Tuesday 22 October 2019

Radiohead’s Thom Yorke releases track in collaboration with Greenpeace

Hands Off The Antarctic calls for action to protect the area’s wildlife

Radiohead’s Thom Yorke says protecting the Antarctic should be humankind’s priority (David Jensen/PA)
Radiohead’s Thom Yorke says protecting the Antarctic should be humankind’s priority (David Jensen/PA)

By Alex Green, Press Association Entertainment Reporter

Radiohead frontman Thom Yorke has called for the Antarctic to stay “raw and wild” as he released a new track in collaboration with Greenpeace.

Hands Off The Antarctic, a haunting, four-minute-long instrumental, was released today in support of the environmental organisation’s campaign for an Antarctic Ocean Sanctuary five times the size of Germany.

Yorke, 50, said the electronic thud of the track represented the “relentless march” of humanity’s “footprint” on the Antarctic.

Thom Yorke is known for his environmental activism (PA)

The British rock star’s recording has been set against black and white footage of Antarctic wildlife gathered earlier this year during a three month research trip by the activist charity.

Greenpeace, an activist non-governmental organisation, is campaigning for a 700,000 square mile sanctuary for penguins, whales and other Antarctic wildlife.

Since January, Greenpeace’s Protect the Antarctic campaign has received more than two million signatures globally.

It calls for the creation of a sanctuary when governments meet at the Antarctic Ocean Commission in Hobart, Tasmania, between October 22 and November 2.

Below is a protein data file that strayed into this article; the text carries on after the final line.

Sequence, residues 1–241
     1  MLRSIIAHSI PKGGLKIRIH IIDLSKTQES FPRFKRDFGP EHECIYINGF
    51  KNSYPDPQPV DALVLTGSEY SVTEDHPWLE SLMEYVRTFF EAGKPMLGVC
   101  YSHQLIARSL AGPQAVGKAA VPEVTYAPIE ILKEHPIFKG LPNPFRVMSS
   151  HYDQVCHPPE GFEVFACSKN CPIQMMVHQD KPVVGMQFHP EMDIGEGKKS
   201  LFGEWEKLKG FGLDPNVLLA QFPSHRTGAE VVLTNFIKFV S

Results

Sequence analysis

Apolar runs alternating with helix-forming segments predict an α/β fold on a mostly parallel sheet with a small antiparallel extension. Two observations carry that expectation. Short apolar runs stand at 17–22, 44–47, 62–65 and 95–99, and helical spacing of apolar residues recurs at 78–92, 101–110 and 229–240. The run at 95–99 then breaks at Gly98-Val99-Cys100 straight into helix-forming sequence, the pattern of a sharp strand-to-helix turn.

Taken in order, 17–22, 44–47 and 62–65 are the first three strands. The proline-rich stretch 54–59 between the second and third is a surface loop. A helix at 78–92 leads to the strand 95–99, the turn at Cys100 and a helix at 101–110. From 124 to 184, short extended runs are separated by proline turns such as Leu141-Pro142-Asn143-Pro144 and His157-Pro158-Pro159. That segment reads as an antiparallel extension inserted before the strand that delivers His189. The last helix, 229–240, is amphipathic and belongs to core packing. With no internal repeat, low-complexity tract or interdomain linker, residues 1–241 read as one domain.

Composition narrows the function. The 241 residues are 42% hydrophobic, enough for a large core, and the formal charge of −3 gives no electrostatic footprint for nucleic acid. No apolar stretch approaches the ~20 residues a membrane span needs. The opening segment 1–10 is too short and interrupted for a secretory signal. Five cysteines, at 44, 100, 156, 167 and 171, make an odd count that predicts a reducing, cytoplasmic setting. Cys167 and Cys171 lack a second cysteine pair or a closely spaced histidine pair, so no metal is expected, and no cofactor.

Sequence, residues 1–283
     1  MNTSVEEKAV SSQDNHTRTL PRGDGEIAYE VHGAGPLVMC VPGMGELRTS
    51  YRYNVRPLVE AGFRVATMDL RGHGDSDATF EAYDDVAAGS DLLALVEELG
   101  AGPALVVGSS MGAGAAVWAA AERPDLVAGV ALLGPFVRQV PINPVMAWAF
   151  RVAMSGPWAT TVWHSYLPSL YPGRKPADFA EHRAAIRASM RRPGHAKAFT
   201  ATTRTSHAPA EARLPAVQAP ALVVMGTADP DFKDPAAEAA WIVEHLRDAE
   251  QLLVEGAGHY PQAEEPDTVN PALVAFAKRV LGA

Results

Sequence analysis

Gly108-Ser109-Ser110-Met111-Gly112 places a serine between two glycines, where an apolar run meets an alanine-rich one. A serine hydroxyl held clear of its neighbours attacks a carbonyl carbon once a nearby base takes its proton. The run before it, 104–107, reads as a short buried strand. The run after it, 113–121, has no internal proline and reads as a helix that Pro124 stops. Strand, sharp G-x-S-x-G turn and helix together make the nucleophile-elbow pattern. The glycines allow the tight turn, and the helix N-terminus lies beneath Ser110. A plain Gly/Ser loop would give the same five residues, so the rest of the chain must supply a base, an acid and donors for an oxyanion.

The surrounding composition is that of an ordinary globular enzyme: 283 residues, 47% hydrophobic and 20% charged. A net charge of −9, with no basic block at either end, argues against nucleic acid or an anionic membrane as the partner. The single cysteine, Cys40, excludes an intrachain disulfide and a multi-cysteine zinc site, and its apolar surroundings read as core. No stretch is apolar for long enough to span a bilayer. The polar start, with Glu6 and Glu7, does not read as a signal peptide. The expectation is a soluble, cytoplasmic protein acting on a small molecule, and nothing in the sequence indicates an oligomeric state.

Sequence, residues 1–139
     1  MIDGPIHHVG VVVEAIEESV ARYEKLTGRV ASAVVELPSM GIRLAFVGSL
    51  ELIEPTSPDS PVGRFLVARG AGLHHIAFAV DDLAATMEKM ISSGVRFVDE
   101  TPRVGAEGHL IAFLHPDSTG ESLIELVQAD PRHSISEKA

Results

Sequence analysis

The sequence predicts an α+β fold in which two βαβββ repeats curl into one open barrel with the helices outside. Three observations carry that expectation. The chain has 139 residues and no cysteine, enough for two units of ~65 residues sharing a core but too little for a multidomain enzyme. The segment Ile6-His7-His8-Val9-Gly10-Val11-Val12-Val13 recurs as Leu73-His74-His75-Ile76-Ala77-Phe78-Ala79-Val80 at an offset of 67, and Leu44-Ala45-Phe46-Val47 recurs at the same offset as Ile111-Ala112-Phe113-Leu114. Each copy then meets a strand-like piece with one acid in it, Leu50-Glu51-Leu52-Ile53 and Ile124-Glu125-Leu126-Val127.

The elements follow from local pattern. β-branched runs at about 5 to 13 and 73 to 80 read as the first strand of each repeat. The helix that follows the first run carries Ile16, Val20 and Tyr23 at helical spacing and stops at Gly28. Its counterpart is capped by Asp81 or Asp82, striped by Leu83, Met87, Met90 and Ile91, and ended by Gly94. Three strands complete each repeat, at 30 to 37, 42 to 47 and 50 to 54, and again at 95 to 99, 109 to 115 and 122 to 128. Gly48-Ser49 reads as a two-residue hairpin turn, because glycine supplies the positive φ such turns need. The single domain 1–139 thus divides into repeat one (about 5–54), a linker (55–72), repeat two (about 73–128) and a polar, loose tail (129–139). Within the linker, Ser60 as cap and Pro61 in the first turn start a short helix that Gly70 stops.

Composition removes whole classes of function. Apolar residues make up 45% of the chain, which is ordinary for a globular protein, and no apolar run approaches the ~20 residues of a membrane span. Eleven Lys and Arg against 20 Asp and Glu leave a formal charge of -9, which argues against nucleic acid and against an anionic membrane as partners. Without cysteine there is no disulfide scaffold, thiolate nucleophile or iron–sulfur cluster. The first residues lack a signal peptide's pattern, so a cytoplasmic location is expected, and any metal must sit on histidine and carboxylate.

Radiohead performing on the Pyramid Stage at the Glastonbury Festival (PA)

Yorke, who is known for his environmental activism, vegetarianism and left wing views, said protecting the Antarctic should be humankind’s priority.

He said: “There are some places on this planet that are meant to stay raw and wild and not destroyed by humanity’s footprint.

“This track is about stopping the relentless march of those heavy footsteps. The Antarctic is a true wilderness and what happens there affects us all. That’s why we should protect it.”

Frida Bengtsson, head of Greenpeace’s Protect The Antarctic campaign, said: “The Antarctic doesn’t have a voice but we are a movement of two million people and we do.

“We’ve seen around the world what happens when we don’t put areas off-limits to human activity. This vast wilderness is more fragile than we might think and plays an important role for the planet’s climate and ocean systems.

“When governments meet over the next two weeks, they have an opportunity to make history. Millions of people from around the world are urging them to seize this moment.”

Hands Off The Antarctic is out now.

PA Media

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